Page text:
Senior Israel Hayom journalist Yoav Limor visits Saudi Arabia.
By Yoav Limor, Israel Hayom via JNS.org
On Sunday night, a young man sitting next to me at a restaurant in Riyadh asked me where I was from. “Israel,” I replied. He laughed and moved on. Shortly before leaving, he looked at me again and said, “Israel, really?” I said “yes,” to which he replied, “Wow, welcome. We welcome everyone here happily, from all religions.”
Saudi Arabia was a pleasant surprise. Friendly. Happy. Not even mentioning Israel brought anyone down. I tested this on several cab drivers and market vendors. Some smiled and shook their heads in disbelief or worry, others were curious and struck up a conversation. I wondered if any of them had ever met an Israeli before, or heard Hebrew, but no one made us feel unwelcome in the kingdom, home to the holiest sites of Islam, not even for a moment.
U.S. President Joe Biden’s upcoming visit to Israel and Saudi Arabia will not lead to formal ties between the two nations.
Biden is scheduled to travel to Saudi Arabia next Friday, after having visited Israel. In the resort city of Jeddah, he is to meet with leaders of the Gulf states and several other prominent Arab countries, but more importantly, with Saudi Crown Prince Mohammed bin Salman, effectively ending the boycott Biden imposed on him after the assassination of journalist Jamal Khashoggi in 2018.
Biden wants Riyadh to increase its oil production to help lower spiraling oil prices in the United States, but will also try to promote normalization with Israel. As such, he will try to have Israeli representatives accompany him on his visit to the kingdom, although the matter is not yet final.
Everyone says that Israeli-Saudi ties will warm slowly, step by step, over an extended period. But my visit to Riyadh shows the profound change Saudi Arabia is already experiencing.
It is transitioning from the ultra-conservative regime characterized by the sons of Saudi Arabia’s founding father, Ibn Saud (the youngest of whom, Salman, is the current king) to slowly embracing the West under his grandson, Crown Prince Mohammed bin Salman.
A photo of the two, King Salman and his son, can be seen all across Riyadh. The kingdom is gearing up toward the change of government, which carries a message for Israel as well: going from distant and cautious ties under the previous government to increased cooperation in a variety of areas.
Spreading the Wealth
During his visit, Biden will focus on the regional missile defense program, in which Israel is to be a participant, but Israeli companies—technological and other—are already operating here, in various capacities.
Quite a few Israelis have visited Saudi Arabia in the last few years, mostly defense officials led by the Mossad. Everything was done in complete secrecy, usually using private jets. But recently, Saudi Arabia has begun to gradually open its doors to Israelis who hold foreign passports, especially business people.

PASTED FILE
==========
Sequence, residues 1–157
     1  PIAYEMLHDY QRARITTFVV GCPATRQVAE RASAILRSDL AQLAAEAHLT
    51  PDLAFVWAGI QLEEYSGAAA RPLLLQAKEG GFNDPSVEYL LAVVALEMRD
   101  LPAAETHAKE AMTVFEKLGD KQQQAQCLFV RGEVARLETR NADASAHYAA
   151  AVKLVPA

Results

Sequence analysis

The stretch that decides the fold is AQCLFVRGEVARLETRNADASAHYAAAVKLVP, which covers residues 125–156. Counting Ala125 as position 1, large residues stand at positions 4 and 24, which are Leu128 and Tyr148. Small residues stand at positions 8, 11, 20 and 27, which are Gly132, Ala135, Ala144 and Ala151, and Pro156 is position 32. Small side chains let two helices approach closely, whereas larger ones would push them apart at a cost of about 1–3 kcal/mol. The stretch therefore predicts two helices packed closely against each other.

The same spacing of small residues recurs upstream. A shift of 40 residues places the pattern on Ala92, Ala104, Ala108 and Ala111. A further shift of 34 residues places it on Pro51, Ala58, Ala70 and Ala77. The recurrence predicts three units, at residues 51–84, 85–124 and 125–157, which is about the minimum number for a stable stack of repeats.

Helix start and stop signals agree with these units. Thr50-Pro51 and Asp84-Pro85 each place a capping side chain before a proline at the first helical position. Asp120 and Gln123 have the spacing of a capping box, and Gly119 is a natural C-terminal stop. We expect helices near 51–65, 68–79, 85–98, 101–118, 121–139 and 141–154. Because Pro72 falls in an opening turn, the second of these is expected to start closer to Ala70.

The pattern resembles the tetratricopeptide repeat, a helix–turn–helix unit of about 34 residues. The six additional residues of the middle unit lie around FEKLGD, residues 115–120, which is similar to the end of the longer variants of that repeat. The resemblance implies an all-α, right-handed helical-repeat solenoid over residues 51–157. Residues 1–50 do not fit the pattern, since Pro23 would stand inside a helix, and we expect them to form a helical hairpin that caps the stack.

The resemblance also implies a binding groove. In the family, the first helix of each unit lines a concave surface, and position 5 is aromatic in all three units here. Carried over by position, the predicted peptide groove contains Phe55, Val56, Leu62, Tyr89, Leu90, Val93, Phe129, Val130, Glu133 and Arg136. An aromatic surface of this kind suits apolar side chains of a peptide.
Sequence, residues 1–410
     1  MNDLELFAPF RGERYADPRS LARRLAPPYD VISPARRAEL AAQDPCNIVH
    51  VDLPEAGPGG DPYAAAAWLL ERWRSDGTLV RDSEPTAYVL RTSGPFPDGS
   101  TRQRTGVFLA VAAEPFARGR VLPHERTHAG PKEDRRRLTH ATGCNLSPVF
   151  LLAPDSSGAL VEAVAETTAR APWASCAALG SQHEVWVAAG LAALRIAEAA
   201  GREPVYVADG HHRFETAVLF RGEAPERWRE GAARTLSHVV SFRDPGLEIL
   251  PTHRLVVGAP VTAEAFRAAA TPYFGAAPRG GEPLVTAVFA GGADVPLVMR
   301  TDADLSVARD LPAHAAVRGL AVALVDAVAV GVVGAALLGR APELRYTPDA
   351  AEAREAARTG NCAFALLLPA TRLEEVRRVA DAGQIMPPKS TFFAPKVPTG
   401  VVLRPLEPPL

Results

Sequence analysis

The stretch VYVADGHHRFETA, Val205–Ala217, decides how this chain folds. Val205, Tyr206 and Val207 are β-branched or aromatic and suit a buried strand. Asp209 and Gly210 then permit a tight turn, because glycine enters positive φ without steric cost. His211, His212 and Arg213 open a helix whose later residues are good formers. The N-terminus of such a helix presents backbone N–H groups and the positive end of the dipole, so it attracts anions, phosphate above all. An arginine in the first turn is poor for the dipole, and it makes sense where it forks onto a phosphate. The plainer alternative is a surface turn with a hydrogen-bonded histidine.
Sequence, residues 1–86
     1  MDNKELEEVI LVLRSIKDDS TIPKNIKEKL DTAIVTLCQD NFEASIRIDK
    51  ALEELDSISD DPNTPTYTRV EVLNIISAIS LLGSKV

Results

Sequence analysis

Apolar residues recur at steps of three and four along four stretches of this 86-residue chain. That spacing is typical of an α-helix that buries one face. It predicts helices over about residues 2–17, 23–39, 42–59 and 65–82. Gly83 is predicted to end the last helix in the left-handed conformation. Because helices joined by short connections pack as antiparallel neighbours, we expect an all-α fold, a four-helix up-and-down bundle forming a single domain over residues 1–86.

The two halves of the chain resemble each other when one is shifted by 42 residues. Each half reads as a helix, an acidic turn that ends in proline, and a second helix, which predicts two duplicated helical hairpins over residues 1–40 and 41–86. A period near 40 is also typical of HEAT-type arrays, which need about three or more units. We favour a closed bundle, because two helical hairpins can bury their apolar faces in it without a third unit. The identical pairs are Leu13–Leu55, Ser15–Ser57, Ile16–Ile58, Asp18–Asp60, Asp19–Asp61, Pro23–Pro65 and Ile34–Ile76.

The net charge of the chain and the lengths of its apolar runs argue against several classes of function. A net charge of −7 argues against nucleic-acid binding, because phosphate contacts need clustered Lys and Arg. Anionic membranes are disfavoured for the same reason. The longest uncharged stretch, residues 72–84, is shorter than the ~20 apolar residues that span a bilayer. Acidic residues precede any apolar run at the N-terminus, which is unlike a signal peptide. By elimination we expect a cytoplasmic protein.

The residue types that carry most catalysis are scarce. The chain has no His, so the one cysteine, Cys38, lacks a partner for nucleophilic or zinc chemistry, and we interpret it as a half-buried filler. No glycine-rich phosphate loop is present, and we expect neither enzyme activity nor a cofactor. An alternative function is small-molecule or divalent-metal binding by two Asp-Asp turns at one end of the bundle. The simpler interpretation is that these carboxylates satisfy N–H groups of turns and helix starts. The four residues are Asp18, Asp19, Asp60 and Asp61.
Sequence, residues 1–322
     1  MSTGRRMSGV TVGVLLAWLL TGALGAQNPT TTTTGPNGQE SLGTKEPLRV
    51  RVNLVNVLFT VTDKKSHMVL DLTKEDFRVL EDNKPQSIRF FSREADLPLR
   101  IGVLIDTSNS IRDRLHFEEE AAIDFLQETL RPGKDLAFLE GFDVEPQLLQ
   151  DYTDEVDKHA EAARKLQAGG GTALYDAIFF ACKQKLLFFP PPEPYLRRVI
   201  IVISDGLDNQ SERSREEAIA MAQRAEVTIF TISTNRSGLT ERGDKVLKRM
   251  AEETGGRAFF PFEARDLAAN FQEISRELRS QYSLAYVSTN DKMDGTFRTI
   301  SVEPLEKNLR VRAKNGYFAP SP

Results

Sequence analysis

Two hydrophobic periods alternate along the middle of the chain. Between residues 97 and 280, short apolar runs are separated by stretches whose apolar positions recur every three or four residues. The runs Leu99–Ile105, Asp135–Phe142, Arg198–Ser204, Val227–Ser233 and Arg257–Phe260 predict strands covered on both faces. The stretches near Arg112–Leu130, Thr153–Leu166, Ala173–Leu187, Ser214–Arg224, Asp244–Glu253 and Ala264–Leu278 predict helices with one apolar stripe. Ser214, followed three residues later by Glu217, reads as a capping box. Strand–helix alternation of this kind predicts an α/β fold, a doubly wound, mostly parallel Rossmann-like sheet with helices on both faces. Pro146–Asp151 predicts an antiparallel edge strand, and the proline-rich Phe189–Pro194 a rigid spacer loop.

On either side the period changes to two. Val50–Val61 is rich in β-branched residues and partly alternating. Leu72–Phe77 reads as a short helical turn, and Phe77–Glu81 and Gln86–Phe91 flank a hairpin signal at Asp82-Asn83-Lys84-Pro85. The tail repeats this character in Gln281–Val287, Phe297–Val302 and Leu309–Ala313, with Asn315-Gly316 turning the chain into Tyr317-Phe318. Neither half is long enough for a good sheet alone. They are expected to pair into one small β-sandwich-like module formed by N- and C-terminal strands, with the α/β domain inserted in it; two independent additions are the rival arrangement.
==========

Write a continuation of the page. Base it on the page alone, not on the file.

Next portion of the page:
Although it might take a while before we see groups of Israeli tourists flood the streets of Saudi Arabia, the process is what counts. Soon, Israeli companies will be able to fly east over Saudi Arabia, and perhaps next, launch direct flights to Mecca, for pilgrims.
Religion is evident everywhere in Riyadh. In clothing, of course, with men and women dressed in modest attire. Alcohol is out of the question, as it is not even served in hotels or on Saudi airline flights.
The mosques are full, and prayers can be heard from the street. Just before takeoff, after the security procedures, a recording of the Muslim road prayer sounds.
Saudi Arabia is less touristy than other Gulf states, such as the United Arab Emirates and Bahrain. It does not have many foreigners, except for low-wage workers, mostly from the Far East, who can be seen everywhere, cleaning shopping centers, bagging groceries in supermarkets and working in construction.
Although Riyadh has all the Western brands, including the most high-end ones, the streets mostly feature standard signs, and the people are simple. This is due, among other things, to the equal distribution of wealth, which is contrary to the situation in the United Arab Emirates and Qatar, where only a few enjoy wealth. This will also be the crown prince’s main challenge: to give the entire people a sense of belonging.
For the last few days, Riyadh has been incredibly hot, over 40°C (104°F). Most residents live in air-conditioned homes, but life is vibrant outdoors too: the markets are crowded, especially in the late hours of the day.
Saudi Arabia also has all the best goodies, from djellabas, sandals and perfume to spices, gold and traditional knives, and all at relatively cheap prices.
In general, Saudi Arabia is surprisingly cheap: fruit and vegetables are less than half as expensive as in Israel (including supermarkets), clothes are 25% cheaper (including brand names), and gas is two shekels cheaper per liter (the global fuel crisis seems to have skipped Saudi Arabia).
It is likely more Israelis will travel here in the future. Some for business, others out of curiosity. Either way, they will discover a country much less threatening than imagined. The opposite, actually: Saudi Arabia is very pleasant and the atmosphere is relaxed.
It is doubtful, though, whether Saudi Arabia will become a popular destination for Israelis—but the change in Israeli-Saudi ties is a historic event that one just cannot help but be excited about. If Israel exhibits uncharacteristic patience and understanding that such processes take time, there is infinite potential for the ties between the two countries.
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